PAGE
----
By both the eye test and the sounds he's hearing, manager Buck Showalter believes Schoop is ready to replicate his 2017 — or better it.
"Jon's never satisfied," Showalter said after the Orioles' sixth straight win, a 7-4 beating of the New York Yankees. "He's never come in here with any airs of entitlement because of what went on last year. That's why people really are drawn to him and his personality. Jon is very humble, and all of a sudden you've got to remind yourself the guy drove in 100 runs last year. I don't think anybody else out there did. He's picked up right where he left off. He's been good."
With the two-run home run in the second inning, Schoop has homered in his past two games and had four multi-hit games in his past seven to help him to a .406/.472/.844 batting line in 32 spring at-bats.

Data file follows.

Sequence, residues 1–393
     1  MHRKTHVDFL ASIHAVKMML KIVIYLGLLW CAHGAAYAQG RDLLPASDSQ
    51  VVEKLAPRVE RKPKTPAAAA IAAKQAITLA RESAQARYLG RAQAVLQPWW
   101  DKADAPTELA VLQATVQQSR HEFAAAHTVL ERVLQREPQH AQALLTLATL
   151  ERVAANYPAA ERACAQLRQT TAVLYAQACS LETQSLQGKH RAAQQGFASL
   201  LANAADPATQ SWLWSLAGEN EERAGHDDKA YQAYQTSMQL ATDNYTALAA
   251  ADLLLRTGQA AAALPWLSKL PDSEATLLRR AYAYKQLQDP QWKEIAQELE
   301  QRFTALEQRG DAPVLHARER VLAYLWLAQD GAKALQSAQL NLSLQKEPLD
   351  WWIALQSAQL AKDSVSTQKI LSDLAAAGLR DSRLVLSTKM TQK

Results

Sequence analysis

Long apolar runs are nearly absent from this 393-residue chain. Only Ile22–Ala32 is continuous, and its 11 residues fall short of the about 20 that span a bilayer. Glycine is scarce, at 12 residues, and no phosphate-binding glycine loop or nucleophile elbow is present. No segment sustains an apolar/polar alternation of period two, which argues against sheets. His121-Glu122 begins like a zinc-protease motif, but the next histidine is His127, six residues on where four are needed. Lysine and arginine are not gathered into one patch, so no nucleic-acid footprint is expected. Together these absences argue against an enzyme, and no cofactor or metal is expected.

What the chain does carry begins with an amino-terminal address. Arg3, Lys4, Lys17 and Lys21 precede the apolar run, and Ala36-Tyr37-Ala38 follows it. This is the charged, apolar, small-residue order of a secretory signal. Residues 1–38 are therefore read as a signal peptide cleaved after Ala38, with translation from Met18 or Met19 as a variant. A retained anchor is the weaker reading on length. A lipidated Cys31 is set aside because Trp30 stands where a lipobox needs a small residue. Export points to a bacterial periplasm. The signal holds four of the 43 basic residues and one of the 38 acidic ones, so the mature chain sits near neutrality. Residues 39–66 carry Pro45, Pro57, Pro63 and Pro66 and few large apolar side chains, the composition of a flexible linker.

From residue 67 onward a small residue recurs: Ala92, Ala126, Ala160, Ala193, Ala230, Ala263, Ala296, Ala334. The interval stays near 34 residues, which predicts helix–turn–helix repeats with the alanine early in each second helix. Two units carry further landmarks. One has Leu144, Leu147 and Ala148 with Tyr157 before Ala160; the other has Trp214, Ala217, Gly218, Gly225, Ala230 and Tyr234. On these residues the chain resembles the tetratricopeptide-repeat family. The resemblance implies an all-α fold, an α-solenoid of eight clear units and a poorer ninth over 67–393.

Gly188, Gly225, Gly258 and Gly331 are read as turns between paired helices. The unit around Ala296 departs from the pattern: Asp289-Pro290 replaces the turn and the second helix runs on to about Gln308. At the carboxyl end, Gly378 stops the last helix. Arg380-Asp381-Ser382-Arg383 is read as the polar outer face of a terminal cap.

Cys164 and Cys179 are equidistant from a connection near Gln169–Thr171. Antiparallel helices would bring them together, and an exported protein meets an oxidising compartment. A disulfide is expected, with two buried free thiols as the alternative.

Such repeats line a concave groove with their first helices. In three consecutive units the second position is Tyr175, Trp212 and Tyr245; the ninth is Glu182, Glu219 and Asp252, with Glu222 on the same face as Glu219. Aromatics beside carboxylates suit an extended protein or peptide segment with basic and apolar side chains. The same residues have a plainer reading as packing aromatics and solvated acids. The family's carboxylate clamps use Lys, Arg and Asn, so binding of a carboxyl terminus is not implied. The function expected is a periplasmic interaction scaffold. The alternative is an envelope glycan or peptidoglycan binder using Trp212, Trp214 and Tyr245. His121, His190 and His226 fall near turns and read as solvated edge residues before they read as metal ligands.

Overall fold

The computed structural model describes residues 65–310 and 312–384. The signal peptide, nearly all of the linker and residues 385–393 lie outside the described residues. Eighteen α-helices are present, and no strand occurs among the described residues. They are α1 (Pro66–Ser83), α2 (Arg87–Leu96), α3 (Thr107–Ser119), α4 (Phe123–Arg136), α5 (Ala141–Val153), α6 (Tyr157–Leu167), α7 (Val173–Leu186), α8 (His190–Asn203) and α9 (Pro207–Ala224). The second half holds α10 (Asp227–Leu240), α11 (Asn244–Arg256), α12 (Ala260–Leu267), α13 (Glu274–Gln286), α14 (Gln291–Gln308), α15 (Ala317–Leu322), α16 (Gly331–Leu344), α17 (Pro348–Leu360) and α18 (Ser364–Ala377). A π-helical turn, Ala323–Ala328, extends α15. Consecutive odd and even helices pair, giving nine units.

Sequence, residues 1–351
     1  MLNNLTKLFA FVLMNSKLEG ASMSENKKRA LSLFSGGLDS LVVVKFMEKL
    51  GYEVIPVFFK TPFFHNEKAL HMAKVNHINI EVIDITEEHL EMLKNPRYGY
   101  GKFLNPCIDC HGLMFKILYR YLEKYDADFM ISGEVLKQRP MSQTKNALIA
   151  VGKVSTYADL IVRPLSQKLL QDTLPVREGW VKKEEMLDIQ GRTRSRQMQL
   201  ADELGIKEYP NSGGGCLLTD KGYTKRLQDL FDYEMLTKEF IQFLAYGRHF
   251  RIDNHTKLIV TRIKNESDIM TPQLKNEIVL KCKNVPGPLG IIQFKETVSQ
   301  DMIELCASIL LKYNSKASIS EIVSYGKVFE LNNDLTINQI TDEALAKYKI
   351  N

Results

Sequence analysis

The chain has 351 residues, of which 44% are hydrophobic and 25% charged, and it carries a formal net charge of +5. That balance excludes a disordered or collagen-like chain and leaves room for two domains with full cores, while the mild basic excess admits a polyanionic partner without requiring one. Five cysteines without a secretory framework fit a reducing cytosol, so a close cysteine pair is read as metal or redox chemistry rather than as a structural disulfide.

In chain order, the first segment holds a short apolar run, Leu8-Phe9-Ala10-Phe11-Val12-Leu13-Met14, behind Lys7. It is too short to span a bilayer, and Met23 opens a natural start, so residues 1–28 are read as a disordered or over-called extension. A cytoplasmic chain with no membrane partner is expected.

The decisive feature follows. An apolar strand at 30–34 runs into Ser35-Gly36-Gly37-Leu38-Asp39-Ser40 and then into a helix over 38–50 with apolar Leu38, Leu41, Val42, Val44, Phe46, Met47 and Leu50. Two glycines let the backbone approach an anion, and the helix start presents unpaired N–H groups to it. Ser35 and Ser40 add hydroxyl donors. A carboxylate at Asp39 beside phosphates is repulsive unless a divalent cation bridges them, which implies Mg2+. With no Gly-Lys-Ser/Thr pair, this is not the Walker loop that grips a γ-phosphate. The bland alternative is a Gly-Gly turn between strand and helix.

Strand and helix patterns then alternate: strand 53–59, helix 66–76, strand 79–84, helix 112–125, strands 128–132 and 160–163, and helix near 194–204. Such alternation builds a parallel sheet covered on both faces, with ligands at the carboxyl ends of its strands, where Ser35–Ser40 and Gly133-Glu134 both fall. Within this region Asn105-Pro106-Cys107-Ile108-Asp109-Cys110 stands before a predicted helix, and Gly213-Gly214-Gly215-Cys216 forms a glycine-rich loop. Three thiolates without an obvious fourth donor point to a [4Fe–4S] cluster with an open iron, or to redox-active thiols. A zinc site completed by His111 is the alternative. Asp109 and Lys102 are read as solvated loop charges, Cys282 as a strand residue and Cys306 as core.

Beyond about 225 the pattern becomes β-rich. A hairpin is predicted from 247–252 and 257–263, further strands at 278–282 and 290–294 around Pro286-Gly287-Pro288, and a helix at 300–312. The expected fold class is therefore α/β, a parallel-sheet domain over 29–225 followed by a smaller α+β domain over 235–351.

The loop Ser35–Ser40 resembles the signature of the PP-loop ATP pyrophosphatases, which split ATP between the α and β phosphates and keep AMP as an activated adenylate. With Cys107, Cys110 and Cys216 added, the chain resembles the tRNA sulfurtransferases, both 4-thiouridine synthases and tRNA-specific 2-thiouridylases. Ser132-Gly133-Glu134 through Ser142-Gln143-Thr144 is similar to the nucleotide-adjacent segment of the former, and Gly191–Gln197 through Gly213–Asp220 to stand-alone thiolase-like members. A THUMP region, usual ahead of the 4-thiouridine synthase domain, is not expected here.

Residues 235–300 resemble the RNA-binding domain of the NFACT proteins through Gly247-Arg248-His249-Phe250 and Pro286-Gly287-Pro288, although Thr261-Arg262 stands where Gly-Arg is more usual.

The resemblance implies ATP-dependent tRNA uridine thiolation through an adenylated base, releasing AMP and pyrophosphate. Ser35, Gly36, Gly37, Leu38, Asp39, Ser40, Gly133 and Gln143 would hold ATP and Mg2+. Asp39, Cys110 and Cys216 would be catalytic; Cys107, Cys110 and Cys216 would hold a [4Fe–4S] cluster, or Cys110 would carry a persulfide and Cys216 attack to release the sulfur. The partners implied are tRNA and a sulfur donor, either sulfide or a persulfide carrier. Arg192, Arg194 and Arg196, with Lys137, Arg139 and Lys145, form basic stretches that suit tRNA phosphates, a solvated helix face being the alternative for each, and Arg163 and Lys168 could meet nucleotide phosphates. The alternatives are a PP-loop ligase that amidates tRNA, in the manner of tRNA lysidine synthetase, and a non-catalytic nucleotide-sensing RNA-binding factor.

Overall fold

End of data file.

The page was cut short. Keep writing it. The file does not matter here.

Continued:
That Schoop, Manny Machado (.471 with three home runs) and a host of other Orioles regulars are swinging the bat well this spring seems to be a positive for a team that's entering the season with so many questions. But Showalter was focused Wednesday on the sound that carried over the din of the sellout crowd at Ed Smith Stadium for Schoop's blast into the left-field grill deck.
"As pretty a sound as you hear is that click it makes when he catches a ball," Showalter said. "It's got a little different sound to it. It's not a crack, it's a click."
What does it mean?
"It means the ball's going to go where you can't catch it. A crack sometimes, too, unless it's a cracked bat. I've seen guys with kind of a thud, but his ball, when he squares that ball up to left-center field, left field, it has a different sound. People talk about it."